NC State: Gottfried won't return as men's basketball coach
RALEIGH, N.C. (AP) Mark Gottfried couldn't reverse North Carolina State's two-year slide in time to save his job.
The school announced Thursday that the coach is out after the season. The move comes as a once-promising season continues to unravel, with the Wolfpack struggling to compete in Atlantic Coast Conference play and losing games by lopsided margins.
N.C. State has lost six straight games with four of those by at least 24 points, the last coming Wednesday night against 10th-ranked rival North Carolina.
''Mark and I met today to discuss the future direction of our program,'' athletic director Debbie Yow said in a statement. ''While it has long been my practice to evaluate the body of work at season's end, in reviewing the overall direction of our program, we believe a change in leadership is necessary moving forward.
''Our focus now remains on supporting our student-athletes and staff over the final weeks of our season.''
Gottfried had a 122-82 record with the Wolfpack, including NCAA Tournament trips in his first four years that included two Sweet 16 appearances.
But N.C. State has slid to 30-30 over the past two seasons - including 8-24 in Atlantic Coast Conference play - and struggled to maintain continuity amid transfers, players leaving early to pursue professional playing careers, and staff turnover.
Gottfried had declined to talk about his future after Wednesday night's 97-73 loss to the Tar Heels. N.C. State hosts No. 25 Notre Dame on Saturday.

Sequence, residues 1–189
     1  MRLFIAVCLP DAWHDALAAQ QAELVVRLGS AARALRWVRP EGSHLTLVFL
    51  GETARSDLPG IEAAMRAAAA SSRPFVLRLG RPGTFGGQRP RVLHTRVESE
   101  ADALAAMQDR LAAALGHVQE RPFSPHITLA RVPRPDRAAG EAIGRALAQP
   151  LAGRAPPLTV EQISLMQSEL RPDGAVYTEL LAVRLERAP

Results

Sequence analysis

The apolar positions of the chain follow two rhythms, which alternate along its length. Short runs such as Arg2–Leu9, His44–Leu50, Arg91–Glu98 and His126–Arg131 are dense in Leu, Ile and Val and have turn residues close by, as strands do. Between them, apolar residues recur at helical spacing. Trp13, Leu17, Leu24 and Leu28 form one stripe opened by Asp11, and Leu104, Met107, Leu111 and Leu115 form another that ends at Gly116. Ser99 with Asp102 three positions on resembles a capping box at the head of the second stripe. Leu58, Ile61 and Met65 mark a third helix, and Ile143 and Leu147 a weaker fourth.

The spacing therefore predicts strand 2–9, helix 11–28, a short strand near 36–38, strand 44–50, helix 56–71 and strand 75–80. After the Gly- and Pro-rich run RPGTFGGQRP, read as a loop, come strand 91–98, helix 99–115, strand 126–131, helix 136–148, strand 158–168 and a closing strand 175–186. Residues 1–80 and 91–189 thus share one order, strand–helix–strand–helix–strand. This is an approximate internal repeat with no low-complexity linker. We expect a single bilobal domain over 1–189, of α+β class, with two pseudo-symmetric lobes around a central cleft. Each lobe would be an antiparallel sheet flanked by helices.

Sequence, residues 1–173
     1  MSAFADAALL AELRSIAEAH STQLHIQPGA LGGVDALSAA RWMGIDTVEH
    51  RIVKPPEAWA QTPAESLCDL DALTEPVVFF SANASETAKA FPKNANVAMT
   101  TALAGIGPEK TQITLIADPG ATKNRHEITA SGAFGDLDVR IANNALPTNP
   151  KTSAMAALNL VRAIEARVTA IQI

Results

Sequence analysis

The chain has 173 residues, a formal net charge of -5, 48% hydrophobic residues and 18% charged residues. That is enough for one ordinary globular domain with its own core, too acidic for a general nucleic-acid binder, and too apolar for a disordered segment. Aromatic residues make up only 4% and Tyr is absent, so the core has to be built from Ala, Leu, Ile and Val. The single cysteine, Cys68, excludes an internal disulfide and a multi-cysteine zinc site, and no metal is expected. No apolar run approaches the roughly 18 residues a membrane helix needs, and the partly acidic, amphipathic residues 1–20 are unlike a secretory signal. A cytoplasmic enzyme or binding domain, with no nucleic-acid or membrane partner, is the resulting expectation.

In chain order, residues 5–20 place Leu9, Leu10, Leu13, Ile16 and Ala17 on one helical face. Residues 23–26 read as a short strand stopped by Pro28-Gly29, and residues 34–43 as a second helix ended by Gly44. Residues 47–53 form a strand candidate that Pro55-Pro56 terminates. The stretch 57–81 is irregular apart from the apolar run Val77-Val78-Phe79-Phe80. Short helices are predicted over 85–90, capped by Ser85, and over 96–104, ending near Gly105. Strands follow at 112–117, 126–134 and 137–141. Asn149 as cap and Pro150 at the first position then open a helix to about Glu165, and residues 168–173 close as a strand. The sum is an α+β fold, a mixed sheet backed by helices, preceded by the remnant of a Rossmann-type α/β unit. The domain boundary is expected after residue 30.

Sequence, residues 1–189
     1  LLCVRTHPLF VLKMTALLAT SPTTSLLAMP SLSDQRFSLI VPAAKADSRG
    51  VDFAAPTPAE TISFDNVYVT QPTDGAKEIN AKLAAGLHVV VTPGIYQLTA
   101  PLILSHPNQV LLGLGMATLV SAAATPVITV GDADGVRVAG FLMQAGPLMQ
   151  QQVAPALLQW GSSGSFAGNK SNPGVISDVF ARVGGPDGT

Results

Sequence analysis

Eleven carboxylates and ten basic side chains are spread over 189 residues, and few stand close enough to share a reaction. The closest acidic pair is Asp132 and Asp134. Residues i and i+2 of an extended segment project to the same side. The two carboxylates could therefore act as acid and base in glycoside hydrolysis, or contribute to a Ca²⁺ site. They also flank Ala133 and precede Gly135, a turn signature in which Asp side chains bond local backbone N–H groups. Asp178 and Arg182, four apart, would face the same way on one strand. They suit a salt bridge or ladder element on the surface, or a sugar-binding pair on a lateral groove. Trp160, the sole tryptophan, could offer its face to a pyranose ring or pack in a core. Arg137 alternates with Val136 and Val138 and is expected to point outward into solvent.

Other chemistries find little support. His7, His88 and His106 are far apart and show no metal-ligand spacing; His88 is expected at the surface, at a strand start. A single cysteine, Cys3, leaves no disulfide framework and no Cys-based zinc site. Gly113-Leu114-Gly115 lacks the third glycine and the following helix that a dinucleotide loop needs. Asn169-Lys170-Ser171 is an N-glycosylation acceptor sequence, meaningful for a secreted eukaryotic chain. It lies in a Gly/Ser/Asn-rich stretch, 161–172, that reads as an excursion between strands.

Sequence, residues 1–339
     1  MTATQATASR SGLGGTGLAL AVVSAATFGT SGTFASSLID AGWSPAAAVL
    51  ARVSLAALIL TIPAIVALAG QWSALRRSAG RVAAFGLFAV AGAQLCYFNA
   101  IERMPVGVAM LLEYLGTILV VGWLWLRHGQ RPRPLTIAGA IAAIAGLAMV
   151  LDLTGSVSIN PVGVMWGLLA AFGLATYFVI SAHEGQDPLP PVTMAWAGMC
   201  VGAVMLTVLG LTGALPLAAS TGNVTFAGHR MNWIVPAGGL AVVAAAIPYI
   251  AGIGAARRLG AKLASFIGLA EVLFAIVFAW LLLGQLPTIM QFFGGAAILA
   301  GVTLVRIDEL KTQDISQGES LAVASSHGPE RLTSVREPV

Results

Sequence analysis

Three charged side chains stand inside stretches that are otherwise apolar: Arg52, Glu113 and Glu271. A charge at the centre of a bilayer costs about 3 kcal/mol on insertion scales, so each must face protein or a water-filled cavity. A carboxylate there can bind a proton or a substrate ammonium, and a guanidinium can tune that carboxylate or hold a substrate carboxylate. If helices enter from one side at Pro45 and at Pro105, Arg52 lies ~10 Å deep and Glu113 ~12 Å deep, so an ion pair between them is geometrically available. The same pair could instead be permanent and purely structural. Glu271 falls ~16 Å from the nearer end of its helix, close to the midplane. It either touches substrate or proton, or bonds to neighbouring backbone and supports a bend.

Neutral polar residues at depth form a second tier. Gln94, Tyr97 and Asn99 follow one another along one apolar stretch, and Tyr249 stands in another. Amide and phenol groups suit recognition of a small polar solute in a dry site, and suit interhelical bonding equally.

''It has been a privilege to serve as head coach of N.C. State, and I'm proud of what we have accomplished during my time here,'' Gottfried said in a statement Thursday. ''N.C. State is a special place and I appreciate the opportunity to finish the remainder of the season.''
Gottfried got a new five-year deal in 2015 that paid him roughly $2.5 million per season. The contract will require N.C. State to pay him nearly $2.3 million to buy out the final three seasons running through April 2020.
N.C. State (14-13, 3-11 ACC) was picked to finish sixth in the 15-team ACC after adding one-and-done prospect Dennis Smith Jr. at the point and getting West Virginia transfer Terry Henderson back from an injury that cost him nearly all last season to go with experienced returnees Abdul-Malik Abu and Maverick Rowan.
But the Wolfpack fell apart once league play started. The highlight came Jan. 23 when N.C. State won at Duke for the first time since 1995 behind a dominant performance by Smith, but it hasn't won since.
The biggest culprit has been the Wolfpack's defense.
N.C. State ranked 234th nationally and worst in the ACC in KenPom.com's adjusted defensive efficiency rankings (107.3 points allowed per 100 possessions) through Wednesday's games, 61 spots behind the next worst ACC team and better than only four teams from power-5 conferences.
Along the way, Gottfried tried being positive in his public comments and insisting the team was making progress even after head-scratching losses. He also tried angrily demanding his team to toughen up and show more defensive effort. Yet the same problems kept recurring.
Gottfried inherited a program that had missed the NCAA Tournament in the 15 of 21 years since the Jim Valvano era. He got the Wolfpack back into the tournament and had five wins against nearby national powers Duke and UNC with a won't-back-down approach both on the court and in pursuing top-tier recruits.
The highlight of Gottfried's tenure was a victory over LSU in the 2015 NCAA Tournament opener on a last-second shot, then the Wolfpack upset No. 1 seed Villanova to reach the Sweet 16. But last year's team stumbled with a short-handed roster and this year's squad - featuring a half-dozen newcomers and two new assistant coaches - looks headed for a similar record despite having more talent.
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